This article originally appeared in the Daily Journal on November 25, 2019.
John Steinbeck is an American literary icon, and the recipient of the National Book Award, the Pulitzer Prize for Fiction, and the Nobel Prize in Literature. But only in 2019 was he accorded the high honor of emulation in a Ninth Circuit decision – certified for publication, of course. For those who don’t have the time to read the opinion cover to cover, the Cliff’s Notes version follows.
In Kaffaga v. Estate of Steinbeck, 938 F.3d 1006 (9th Cir. 2019), the court seized the opportunity to write a Steinbeck novel in microcosm, complete with humor, pathos, irony, and a large dose of human frailty. It set the saga out in a prologue and eight numbered chapters, each headed with a literary epigraph to help set the theme for what follows. The first and last of these are from Dickens’ Bleak House; the others are pithy quotes from various Steinbeck novels.
Kaffaga, like many literary landmarks, recounts a tale of never-ending family strife stretching over decades and through generations. When Steinbeck died in 1968, he left his interests in his works to his third wife and not to his sons by a previous wife, but the sons did eventually obtain rights to some later works. The widow and the sons then reached a written agreement on how to divide the royalties.
But fate intervened. Or rather, Congress did. It passed the Copyright Act of 1976, which gave heirs the power to terminate copyright rights in certain circumstances “notwithstanding any agreement to the contrary.” And so the litigation began. The sons sued the widow in New York in 1981, and they reached a settlement in 1983.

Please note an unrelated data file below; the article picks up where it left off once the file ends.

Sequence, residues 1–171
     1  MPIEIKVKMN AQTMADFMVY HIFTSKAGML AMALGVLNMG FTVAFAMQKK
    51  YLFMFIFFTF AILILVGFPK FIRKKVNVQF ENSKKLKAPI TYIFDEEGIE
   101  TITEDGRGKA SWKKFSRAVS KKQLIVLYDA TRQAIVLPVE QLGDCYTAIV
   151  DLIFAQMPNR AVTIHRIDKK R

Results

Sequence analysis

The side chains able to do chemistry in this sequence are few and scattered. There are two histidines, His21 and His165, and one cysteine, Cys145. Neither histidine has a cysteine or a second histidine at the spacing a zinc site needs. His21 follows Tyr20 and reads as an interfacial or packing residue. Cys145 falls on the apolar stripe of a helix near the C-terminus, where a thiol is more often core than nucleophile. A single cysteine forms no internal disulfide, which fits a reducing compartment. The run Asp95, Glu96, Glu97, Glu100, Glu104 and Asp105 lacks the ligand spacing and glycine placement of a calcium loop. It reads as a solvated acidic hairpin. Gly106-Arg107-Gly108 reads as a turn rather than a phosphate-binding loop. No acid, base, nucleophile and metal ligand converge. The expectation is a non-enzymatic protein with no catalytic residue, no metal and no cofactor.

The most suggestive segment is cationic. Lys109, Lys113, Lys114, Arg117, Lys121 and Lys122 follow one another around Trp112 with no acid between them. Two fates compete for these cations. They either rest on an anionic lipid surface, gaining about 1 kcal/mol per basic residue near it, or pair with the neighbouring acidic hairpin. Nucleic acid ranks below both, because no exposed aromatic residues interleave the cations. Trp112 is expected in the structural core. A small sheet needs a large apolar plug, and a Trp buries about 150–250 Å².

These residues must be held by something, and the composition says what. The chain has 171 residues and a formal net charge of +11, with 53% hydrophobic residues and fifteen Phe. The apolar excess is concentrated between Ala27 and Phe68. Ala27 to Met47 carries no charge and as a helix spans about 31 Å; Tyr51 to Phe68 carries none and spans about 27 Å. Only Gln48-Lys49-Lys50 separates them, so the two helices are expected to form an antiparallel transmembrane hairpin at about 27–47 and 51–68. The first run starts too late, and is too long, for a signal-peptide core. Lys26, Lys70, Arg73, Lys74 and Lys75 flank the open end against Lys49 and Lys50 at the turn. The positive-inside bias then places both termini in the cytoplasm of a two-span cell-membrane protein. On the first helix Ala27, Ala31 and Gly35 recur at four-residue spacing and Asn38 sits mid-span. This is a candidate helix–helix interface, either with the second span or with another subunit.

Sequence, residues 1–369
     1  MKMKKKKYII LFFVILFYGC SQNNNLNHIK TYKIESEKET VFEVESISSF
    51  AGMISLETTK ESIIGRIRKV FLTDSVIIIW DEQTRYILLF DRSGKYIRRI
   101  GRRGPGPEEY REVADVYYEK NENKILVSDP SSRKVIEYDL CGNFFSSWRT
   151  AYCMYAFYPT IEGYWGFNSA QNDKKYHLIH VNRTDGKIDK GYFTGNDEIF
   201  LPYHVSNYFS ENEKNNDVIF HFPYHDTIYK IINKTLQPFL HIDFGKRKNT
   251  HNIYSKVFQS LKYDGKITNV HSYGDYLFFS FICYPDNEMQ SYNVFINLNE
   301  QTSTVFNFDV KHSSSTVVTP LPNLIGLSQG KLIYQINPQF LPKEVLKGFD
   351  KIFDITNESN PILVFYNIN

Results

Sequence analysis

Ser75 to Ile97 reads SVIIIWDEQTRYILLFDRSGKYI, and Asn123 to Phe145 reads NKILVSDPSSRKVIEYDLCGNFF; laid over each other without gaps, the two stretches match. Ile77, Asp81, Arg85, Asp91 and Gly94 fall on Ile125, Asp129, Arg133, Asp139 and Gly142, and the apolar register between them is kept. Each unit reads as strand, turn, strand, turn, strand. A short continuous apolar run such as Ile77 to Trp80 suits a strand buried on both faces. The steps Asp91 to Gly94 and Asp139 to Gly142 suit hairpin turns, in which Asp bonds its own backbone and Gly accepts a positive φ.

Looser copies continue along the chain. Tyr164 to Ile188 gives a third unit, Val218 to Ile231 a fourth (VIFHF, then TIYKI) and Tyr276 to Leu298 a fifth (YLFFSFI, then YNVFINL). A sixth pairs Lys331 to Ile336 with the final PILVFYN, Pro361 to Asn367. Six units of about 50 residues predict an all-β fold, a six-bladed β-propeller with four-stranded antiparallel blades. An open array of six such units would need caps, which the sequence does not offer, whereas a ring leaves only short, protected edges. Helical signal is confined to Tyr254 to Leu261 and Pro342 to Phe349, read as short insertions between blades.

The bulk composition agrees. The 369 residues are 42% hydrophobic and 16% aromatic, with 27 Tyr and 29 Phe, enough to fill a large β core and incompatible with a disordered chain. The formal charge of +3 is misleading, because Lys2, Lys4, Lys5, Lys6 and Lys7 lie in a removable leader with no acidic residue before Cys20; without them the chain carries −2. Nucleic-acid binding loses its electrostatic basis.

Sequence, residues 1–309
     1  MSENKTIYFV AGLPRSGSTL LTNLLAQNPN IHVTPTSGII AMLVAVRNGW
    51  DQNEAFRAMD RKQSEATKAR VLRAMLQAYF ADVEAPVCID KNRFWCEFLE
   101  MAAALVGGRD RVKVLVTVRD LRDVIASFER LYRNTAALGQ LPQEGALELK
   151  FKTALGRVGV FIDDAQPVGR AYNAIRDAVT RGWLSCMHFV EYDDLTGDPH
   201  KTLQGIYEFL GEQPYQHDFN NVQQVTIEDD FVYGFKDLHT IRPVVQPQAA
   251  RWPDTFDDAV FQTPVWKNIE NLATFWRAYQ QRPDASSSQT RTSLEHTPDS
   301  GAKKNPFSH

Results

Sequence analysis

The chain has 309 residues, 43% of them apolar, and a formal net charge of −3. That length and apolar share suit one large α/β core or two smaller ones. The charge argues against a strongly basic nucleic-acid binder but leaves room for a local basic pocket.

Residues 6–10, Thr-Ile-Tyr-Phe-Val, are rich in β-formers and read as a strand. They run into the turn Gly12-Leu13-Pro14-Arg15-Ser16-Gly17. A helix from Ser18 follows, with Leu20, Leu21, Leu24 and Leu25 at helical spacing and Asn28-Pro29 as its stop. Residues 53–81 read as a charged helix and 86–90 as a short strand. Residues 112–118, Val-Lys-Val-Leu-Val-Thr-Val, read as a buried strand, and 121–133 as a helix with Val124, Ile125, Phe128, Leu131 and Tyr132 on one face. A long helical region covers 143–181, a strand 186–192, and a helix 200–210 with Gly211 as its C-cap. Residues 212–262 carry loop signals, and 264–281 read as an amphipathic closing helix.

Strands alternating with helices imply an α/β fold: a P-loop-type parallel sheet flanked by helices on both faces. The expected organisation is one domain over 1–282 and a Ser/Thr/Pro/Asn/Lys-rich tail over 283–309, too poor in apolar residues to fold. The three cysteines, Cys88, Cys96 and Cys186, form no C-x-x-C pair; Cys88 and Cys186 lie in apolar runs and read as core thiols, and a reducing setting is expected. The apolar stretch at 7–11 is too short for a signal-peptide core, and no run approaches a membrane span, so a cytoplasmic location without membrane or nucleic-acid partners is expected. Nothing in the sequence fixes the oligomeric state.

Over time, the parties passed away, but the litigation proved immortal, continuing through various heirs and estates. It renewed in earnest in New York from 2004 to 2006, and, in the last of many trial court and appellate decisions, the Second Circuit Court of Appeals declared the 1983 Agreement valid and enforceable.
The story was becoming repetitious, so the parties representing the sons’ interests opted to enliven it with a change of scene. In 2014, they filed their latest attack on the 1983 Agreement in U.S. District Court in Los Angeles. That court had no trouble dismissing their claims on collateral estoppel grounds, and, in an unpublished decision, the Ninth Circuit affirmed “in no uncertain terms.”
This ended another chapter, but not the novel. The executrix for the widow’s estate, defendant in the California litigation, had countersued for breaches of the 1983 Agreement, slander of title, and tortious interference with economic advantage. She won summary judgment on the first two claims and went to jury trial on the other. She won millions in compensatory and punitive damages, which brought on the denouement in the latest appeal.
Great literary works teach enduring lessons, and literary appellate decisions are no exception. Kaffaga drives home several important rules of appellate practice.
One is that, although an appellate decision is not precedent if not published, it can be potent. Kaffaga reminds us that even an unpublished decision has collateral estoppel effect, which meant that the Ninth Circuit’s previous decision upholding the validity of the 1983 agreement between the same parties was binding and dispositive. The court did not mince words: “This has to end. We cannot say it any clearer.”